Government spends £120m in taxpayer money fighting disability benefit claims in two years, figures show

Exclusive: New data reveals cost of administering appeals soared by 39 per cent between 2017 and 2019

May Bulman
Social Affairs Correspondent
Monday 31 August 2020 21:26 BST
'Alarming' amount of money being spent on process riddled with 'routine inaccuracies', campaigners say
'Alarming' amount of money being spent on process riddled with 'routine inaccuracies', campaigners say

The government has spent more than £120m in taxpayers’ money fighting disability benefit claims in the last two years – despite losing three-quarters of tribunal appeals, The Independent can reveal.

Data shows the Department for Work and Pensions (DWP) shelled out £61m on staff costs for the appeal process of the two main disability benefits in 2018-19, up from £44m two years before.

Over the same period, the number of claims for the benefits – known as Personal Independence Payment (PIP) and Employment Support Allowance (ESA) – increased by 13 per cent, indicating that rise in costs is far greater than the increase in applications.

Claimants go through an initial, internal appeal with the DWP called mandatory reconsideration, before being able to take their case to tribunal, where the government can challenge their case. But the latest figures show 76 per cent of PIP and 75 per cent of ESA appeals cleared at tribunal hearing are overturned in favour of the claimant.

Labour MP Stephen Timms, chair of the Work and Pensions Committee, told The Independent the DWP’s “continuing failure” to make correct decisions on PIP and ESA claims was having a “devastating” impact on disabled people at a “staggering cost” to the public purse.

“Rather than fighting these cases at tribunal, knowing it is likely to lose, the department could save itself a great deal of money and effort by simply paying disabled people the benefits they’re entitled to in the first place,” he added.

Campaigners said it was “alarming” that this amount of money was being spent on appeals for a process riddled with “routine inaccuracies”, and warned that the current system was leaving many disabled people facing “agonising” delays to get vital support.

It comes amid mounting concern that hundreds of thousands of sickness and disability benefit claimants have been waiting months to begin the appeal process as DWP staff were diverted to respond to the coronavirus pandemic.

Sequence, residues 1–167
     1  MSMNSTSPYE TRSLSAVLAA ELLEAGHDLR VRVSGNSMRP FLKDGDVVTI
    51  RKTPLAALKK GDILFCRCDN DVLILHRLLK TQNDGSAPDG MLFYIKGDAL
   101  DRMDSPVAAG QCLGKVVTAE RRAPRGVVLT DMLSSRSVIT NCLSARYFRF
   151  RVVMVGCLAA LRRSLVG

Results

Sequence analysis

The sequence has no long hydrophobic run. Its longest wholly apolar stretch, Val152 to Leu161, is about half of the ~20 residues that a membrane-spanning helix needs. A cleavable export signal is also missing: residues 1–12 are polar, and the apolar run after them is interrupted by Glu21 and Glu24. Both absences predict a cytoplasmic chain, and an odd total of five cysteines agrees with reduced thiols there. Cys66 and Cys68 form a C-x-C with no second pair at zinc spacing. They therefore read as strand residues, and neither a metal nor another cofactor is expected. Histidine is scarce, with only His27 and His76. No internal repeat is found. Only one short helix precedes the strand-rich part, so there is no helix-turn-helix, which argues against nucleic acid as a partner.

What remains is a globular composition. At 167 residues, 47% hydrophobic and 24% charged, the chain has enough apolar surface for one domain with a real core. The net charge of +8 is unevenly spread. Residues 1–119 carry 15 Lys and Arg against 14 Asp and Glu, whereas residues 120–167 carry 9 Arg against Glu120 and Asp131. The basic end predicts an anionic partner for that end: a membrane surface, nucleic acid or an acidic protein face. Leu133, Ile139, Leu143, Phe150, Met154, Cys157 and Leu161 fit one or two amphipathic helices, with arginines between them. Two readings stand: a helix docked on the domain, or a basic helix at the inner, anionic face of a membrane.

The assessment process for PIP – a benefit that replaced Disability Living Allowance (DLA) in 2013 – has been strongly criticised by charities who say it forces claimants to “fight” for the support they are entitled to.

The data, obtained through a freedom of information request, shows the DWP spent £121m between 2017-18 and 2018-19, with £58m spent on mandatory reconsiderations and £63m spent on tribunal appeals.

When broken down annually over three years, it shows that the amount spent on mandatory reconsiderations increased by 19 per cent between 2016-17 and 2018-19, and the cost of tribunals surged by 64 per cent.

Ceri Smith, head of policy and campaigns at disability equality charity Scope, said the figures demonstrated that benefit assessments for disabled people were “not fit for purpose”, adding: “There is also a human cost to this, as such a high number of appeals means many disabled people are facing agonising delays to get vital support.”

Matthew Harrison, parliamentary co-chair of the Disability Benefits Consortium, called for fundamental changes to prevent the suffering of many disabled people, warning that it was forcing many into situations where they cannot pay their bills or heat their homes.

A DWP spokesperson said: “ESA and PIP complaints have dropped by a quarter in the last two years, indicating increased satisfaction with our services. The data on expenditure has not been quality assured to National Statistics or Official Statistics standards and should be treated with appropriate caution.

“We are committed to helping people get the support they are entitled to. Decisions are made based on all the evidence we receive at the time, but if someone disagrees they can appeal and provide further evidence through a mandatory reconsideration.”

Join our commenting forum

Join thought-provoking conversations, follow other Independent readers and see their replies


Thank you for registering

Please refresh the page or navigate to another page on the site to be automatically logged inPlease refresh your browser to be logged in